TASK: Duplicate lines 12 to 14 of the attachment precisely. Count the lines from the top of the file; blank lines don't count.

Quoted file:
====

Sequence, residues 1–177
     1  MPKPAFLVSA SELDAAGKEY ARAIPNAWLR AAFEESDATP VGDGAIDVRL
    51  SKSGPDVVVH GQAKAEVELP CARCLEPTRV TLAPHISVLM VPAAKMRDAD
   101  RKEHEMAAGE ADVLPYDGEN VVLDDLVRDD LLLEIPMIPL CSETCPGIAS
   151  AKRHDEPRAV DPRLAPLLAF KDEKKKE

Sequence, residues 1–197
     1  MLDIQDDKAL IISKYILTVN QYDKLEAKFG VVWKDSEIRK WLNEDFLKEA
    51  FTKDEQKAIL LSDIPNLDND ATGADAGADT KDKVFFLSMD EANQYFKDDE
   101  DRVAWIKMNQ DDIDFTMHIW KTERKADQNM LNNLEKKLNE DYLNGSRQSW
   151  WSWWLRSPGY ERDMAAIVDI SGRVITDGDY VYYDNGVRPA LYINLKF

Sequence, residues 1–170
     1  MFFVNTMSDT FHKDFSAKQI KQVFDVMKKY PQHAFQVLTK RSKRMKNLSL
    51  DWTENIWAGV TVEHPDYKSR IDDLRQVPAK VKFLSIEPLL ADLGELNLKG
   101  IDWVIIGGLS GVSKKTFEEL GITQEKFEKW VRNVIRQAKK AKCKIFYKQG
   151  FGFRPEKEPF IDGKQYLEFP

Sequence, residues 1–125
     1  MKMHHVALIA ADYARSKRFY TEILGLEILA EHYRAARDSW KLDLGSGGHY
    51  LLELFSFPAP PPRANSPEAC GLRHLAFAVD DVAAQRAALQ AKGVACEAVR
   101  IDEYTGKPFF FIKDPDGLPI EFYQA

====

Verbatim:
     1  MFFVNTMSDT FHKDFSAKQI KQVFDVMKKY PQHAFQVLTK RSKRMKNLSL
    51  DWTENIWAGV TVEHPDYKSR IDDLRQVPAK VKFLSIEPLL ADLGELNLKG
   101  IDWVIIGGLS GVSKKTFEEL GITQEKFEKW VRNVIRQAKK AKCKIFYKQG